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Science Center and Zoos: Creating Public Value Through Complementary Strengths

By John Fraser, Martin Weiss, Beverly Sheppard, and Kate Flinner
From Dimensions
July/August 2013

Educators at science centers, zoos, and other informal science education institutions (ISE) work in distinct traditions. Yet, funders often lump them into a single class of ISE environments. Even science centers and zoos themselves may imagine that they compete for funds and visitors. This tendency to think as competitors creates cultural silos in the field. However, what happens when two institutions in the same community focus their resources simultaneously on a shared topic?

Our team at New Knowledge Organization (NewKnowledge) and the New York Hall of Science (NYSCI), both in New York City, sought to answer this question. We see that science centers and zoos have professionalized separately and have complementary strengths. With several partners, we have been researching the plurality of voices in the ISE field and what can be gained by honoring them.

ISE institutions tend to address science literacy and environmental issues in isolation rather than integrate learning moments for fieldwide impact. We often hear how various institutions accomplish change through their missions, but we seldom reflect on how each type of institution contributes to larger, aggregate public value. We rarely consider if and how a community develops shared knowledge by sampling from the range of institutions that independently focus on similar science topics from different perspectives.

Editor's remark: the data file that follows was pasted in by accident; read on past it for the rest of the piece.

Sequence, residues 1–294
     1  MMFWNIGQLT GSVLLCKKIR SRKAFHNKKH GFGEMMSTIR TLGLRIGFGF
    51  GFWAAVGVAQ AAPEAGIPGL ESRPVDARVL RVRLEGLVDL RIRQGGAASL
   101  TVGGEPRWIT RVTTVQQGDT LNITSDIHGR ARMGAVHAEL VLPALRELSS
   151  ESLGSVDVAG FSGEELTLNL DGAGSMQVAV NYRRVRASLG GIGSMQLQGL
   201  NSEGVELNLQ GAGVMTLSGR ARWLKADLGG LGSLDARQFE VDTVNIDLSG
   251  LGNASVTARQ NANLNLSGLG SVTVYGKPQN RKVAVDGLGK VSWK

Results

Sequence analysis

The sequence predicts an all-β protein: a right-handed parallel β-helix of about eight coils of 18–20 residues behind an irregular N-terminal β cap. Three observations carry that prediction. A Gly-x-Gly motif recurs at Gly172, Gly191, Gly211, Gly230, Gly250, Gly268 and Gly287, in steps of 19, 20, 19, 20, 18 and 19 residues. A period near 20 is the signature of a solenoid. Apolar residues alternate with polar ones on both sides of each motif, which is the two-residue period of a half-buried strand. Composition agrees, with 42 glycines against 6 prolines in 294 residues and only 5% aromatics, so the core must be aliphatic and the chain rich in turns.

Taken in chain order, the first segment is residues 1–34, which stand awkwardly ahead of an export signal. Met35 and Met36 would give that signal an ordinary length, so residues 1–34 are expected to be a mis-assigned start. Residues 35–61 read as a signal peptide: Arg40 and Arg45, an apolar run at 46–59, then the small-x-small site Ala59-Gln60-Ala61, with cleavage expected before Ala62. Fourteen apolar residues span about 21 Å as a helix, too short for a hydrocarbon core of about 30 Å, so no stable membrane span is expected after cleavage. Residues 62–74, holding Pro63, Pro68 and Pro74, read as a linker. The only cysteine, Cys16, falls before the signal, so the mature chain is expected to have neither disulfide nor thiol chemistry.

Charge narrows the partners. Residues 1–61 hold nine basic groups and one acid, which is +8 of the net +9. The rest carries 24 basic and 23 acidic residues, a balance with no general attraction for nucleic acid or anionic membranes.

Results from our study of complementary exhibitions mounted simultaneously in a science center and a zoo in the same community suggest value in approaching ISE and community engagement as a collective force to enhance public value. When two institutions reach beyond brand competition to leverage their individual strengths, they can achieve allied goals. They have the potential to expand science literacy in their community, cross-promote to one another’s audiences, and develop their staff by learning from the approaches taken at other institutions.

Mounting Wild Minds, the exhibition

To pursue our research question, NYSCI led development of Wild Minds: What Animals Really Think, an exhibition about animal cognition. Collaborators included Hunter College, New York City; the Institute for Learning Innovation (ILI), Edgewater, Maryland; NewKnowledge (ILI’s successor on the project); and Portland’s Oregon Museum of Science and Industry (OMSI) and Oregon Zoo.

The exhibition was designed to be mounted in two institutions in the same community at the same time. The exhibition started at NYSCI and Staten Island Zoo, New York City, in 2010, and then traveled to OMSI and Oregon Zoo for February–August 2012, and California Science Center in Los Angeles and Santa Barbara Zoo in 2012–2013. Wild Minds is at Science Central and Fort Wayne Children’s Zoo, Indiana, for April–September 2013, and will visit COSI and Columbus Zoo and Aquarium, Ohio, in 2013–2014.